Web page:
Munro emphasizes that the listing of rhino poaching as a priority national crime is a big positive.
“This means that the government’s intelligence and security agencies now support the conservation agencies like Ezemvelo KZN Wildlife,” Munro says.
He still conducts anti-poaching operations in the beautiful parks of Zululand.
“We deal with paradoxes all the time. We flit between what is beautiful and peaceful one day, to what is very ugly and confrontational the next.”
On Christmas Day, Munro and his team were on patrol in the iMfolozi wilderness area. At dusk they were treated to a spectacular sunset.
“It had been raining earlier so everything was fresh and sparkling. We could see animals coming to drink from the river below us, and we heard a symphony of birds in the bushveld. It’s a special time of year in a very beautiful place.”
“Then we heard shots. All of a sudden, everything changed. Our teams in the area deployed into ambushes. There’s plenty of adrenaline, you’re sweating like crazy, hoping like hell you can apprehend the poachers. But I’m also hoping one of us is not going to get shot or killed.”
“We heard more gun shots nearby. It sounded like popcorn going off in a pot, just tat-tat-tat-tat-tat-tat, and then we heard shouting on the radio. It’s chaos. People were screaming.”
“We sprinted to the contact point. There were bodies lying around, and I prayed it wasn’t one of our team. Fortunately the poachers had been killed, and none of our team was hurt.”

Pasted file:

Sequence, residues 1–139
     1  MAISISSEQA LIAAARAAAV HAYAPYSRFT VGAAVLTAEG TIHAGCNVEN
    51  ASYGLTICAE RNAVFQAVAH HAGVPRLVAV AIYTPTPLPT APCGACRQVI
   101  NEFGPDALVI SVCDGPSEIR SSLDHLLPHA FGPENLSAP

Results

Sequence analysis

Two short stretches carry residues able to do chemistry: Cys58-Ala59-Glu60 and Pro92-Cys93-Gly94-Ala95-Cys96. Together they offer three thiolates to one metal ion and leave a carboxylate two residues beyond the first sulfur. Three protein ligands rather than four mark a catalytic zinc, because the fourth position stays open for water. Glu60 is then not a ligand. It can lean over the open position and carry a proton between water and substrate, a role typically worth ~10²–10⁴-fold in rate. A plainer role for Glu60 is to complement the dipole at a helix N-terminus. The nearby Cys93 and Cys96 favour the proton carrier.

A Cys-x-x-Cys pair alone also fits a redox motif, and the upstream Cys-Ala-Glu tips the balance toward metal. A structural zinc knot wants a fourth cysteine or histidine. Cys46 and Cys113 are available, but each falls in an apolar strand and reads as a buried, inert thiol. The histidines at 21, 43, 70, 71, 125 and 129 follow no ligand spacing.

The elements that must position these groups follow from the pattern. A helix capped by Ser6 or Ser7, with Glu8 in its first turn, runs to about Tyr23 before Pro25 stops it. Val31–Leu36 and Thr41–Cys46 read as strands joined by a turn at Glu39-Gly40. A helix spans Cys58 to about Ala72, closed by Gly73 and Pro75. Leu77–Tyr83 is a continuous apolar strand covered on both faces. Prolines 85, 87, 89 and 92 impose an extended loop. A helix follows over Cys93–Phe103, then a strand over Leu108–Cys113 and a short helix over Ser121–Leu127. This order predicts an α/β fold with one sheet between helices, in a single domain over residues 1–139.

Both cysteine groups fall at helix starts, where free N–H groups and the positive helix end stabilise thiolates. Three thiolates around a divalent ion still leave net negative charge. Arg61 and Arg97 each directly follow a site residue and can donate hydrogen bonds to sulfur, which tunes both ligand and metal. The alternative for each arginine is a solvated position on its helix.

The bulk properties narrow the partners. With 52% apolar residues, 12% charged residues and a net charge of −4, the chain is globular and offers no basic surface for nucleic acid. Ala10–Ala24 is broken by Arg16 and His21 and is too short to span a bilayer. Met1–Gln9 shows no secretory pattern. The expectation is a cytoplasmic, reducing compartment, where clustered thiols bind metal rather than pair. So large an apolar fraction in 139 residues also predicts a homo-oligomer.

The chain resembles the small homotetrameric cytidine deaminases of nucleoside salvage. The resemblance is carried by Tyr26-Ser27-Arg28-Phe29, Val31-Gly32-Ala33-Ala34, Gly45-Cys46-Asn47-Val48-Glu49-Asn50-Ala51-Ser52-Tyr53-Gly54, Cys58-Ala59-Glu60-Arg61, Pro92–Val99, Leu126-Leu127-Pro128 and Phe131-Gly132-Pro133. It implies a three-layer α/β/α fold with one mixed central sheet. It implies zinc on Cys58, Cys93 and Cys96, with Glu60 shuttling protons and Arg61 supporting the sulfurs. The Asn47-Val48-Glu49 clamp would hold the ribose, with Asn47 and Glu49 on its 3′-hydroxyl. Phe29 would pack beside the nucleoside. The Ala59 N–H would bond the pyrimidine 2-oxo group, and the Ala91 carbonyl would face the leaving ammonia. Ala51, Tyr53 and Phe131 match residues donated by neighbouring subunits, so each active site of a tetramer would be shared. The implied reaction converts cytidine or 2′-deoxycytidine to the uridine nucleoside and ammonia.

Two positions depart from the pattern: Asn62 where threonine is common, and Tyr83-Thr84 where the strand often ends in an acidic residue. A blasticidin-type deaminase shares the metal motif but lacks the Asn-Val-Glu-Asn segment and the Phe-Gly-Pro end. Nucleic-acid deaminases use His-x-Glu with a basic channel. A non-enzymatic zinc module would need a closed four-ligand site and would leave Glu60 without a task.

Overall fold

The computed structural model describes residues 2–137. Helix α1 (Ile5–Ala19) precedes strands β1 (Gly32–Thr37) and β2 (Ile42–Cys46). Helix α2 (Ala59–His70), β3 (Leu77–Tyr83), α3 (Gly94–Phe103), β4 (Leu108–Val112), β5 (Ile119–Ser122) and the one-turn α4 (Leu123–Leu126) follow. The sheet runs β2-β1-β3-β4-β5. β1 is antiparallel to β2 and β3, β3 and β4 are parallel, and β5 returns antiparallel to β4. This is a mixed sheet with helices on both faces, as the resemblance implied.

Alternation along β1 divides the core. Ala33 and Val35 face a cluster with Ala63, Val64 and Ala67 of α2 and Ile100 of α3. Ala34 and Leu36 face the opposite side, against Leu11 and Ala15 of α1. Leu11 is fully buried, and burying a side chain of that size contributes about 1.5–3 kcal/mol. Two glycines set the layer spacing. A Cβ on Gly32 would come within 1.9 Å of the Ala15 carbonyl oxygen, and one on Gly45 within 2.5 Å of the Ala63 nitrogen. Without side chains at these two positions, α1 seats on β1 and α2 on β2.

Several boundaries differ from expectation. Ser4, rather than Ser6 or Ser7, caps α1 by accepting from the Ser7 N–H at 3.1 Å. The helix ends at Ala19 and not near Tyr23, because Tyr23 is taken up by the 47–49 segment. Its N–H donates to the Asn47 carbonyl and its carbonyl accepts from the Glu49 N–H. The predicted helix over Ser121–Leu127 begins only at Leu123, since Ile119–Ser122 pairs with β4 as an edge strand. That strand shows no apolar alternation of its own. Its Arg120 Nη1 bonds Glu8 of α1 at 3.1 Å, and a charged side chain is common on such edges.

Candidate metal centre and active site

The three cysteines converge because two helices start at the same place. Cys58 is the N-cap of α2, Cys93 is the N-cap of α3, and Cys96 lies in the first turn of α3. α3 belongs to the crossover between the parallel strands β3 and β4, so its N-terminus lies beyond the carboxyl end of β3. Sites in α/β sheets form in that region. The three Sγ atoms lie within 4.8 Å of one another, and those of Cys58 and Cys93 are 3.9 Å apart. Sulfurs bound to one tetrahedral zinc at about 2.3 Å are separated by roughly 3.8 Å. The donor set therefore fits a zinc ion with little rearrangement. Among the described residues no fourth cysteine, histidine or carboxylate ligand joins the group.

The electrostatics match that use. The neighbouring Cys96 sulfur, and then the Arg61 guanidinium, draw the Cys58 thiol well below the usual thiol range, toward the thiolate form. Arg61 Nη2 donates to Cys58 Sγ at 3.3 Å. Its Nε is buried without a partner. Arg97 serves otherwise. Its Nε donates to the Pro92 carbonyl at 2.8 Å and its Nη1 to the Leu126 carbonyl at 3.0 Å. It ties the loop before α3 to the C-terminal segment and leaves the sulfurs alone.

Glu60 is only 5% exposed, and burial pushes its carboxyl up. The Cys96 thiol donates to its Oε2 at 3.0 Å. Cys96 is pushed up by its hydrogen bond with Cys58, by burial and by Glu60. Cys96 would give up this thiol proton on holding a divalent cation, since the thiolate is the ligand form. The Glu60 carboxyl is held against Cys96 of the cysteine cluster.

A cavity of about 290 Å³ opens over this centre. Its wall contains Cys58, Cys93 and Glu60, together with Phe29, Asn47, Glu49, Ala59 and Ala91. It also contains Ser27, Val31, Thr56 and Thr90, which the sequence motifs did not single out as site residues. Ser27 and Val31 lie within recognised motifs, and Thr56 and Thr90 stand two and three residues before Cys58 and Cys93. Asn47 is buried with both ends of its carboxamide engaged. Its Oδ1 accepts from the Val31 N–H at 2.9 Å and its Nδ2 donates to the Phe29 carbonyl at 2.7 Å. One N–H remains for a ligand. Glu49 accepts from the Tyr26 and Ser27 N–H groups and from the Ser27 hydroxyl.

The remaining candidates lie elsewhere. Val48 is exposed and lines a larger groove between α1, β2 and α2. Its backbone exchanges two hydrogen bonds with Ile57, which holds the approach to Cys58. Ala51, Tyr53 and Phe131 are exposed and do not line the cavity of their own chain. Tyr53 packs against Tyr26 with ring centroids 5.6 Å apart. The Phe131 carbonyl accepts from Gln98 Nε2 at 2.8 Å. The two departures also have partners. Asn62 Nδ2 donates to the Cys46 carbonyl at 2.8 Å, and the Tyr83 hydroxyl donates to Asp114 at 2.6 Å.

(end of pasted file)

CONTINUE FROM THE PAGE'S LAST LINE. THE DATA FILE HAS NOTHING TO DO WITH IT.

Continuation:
Despite these battles, which Munro describes as “a typical day’s work”, he has lost only one man so far. “People do die and a couple of times we’ve had to carry bodies out. Luckily so far the majority are poachers, but we’re under no illusions.”
The jarring contrast between “innocent beauty and evil orchestration” is something that he is prepared to deal with, as long as everyone pulls their weight to help stop rhino poaching.
“Everyone must do their job: the rangers, the police, the investigators, the forensic teams, the prosecutors, the magistrates and the politicians. We have the laws. We really do. A lot of people think we need to change the laws. We don’t. We all just have to do our jobs properly.”
Ultimately Munro accepts the risks, because for him the protection of Africa’s rhinos is symbolic of the fight for the rest of the continent’s wildlife and wilderness.
“I hate it when people say we need to save rhinos for our grandchildren,” he explains. “If my grandchildren don’t ever see a rhino, how’s it going to affect them, honestly? It’s not going to. They’ll still be able to buy a loaf of bread if there are no rhinos.”
“So it’s the principle of the matter. If we can’t justify the protection of Africa’s rhinos, hell knows how we’re going to explain to the rest of the country that we need to conserve a watershed or a frog species?”
“If we don’t stop rhino poaching, we’re not going to get anything else right. This is what motivates me to do my work.”